You’ll know when you're with someone, either socially or in work, and you just get on. It's normally because you have similar values. The opposite to that picture is someone you don't get on with. It’s usually because they do things in life that may seem fine to them but to you it totally flouts your value set.   

If this is the case, why not clarify the values of your business? This is a great exercise to do with your team. I say “great” but being honest, it can be quite painful. You start with so many possibilities before drilling down into the core values that really work for you and your team. There will be some values that cause great debate and some tough decisions. You may personally want some values but you just can’t see how they’ll fit it or you prioritise others over these. We overcame this by combining two together,  ‘humble and confident’ for instance, ‘collaborative and supportive’, ‘happy to challenge and be challenged’.

It did take us most of the day to boil down a table full of values, down to just 9.  Yes 9. Some say 5 or 6 is plenty but we went for 9. It felt right for us. How could we test it though?

We picked our star performers and mentally ranked them against each of our proposed values. Does this person exceed in this value and that value? Yes, yes, yes. Now let’s run the test on the people that have not worked out. OK now that's interesting, lots of no's against our set of values.

Having this information bagged, the next stage was to make sure it became embedded into the Blueleaf culture - the way we do things and further than that, into the recruitment process. 

I'd like to say all team members rushed out and had it tattooed on their arm but that’s not quite true. We did get some pushback, largely because of the perceived corporate feel the values gave. But what I found was quite interesting, once we had some raving fans internally, started using them in all our comms, praised people against the values, and called people out against the values, they really soaked in.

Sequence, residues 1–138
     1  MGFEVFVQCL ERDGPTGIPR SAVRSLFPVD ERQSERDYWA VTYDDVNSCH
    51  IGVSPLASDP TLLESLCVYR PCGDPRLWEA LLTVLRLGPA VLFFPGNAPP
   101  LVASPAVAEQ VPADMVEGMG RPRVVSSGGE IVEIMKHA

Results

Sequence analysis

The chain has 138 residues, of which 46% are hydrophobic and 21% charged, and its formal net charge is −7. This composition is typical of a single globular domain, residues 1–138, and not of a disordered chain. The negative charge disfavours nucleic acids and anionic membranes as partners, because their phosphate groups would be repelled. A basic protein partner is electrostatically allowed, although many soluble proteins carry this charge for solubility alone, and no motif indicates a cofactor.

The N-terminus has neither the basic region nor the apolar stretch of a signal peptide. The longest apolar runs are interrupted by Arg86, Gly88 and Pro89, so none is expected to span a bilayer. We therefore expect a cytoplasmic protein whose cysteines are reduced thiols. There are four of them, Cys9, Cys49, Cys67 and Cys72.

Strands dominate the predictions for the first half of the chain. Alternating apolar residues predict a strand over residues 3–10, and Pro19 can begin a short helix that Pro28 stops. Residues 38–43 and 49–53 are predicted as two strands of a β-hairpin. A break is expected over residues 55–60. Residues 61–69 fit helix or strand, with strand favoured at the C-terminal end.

After 6 months, it permeated into everything we did including recruitment questions, where we actively marked against our values and if anyone violated them, no matter how amazing their CV was, we started to reject them. It was tough at first but the turnaround was amazing. Only people that met our values started to join the team and therefore, we pulled together so much better as a team.

There is a parting shot that I want to share, that supports the values when hiring.  The person must really want the role.   

We've had it before where people meet the values, but have something in their mind that is just not right. Location is often the main one, sometimes money, and also if the role is in line with their personal vision in life. If you spot signs that the person does not really, really want the role, explore it much deeper. In order to grow a successful like-minded team, you really need to have people that match your values and passionately want to be part of the team.

For a full list of the Blueleaf company values, just to give you a steer, please click here. Do create your own though - it's your culture, it’s your future, it’s your game of life...:-)

Adrian Lomas is Founder and CEO of multi-award winning digital commerce agency, Blueleaf.

Clients include: Laura Ashley, Red Bull. Style Group Brands, Fat Face and Next.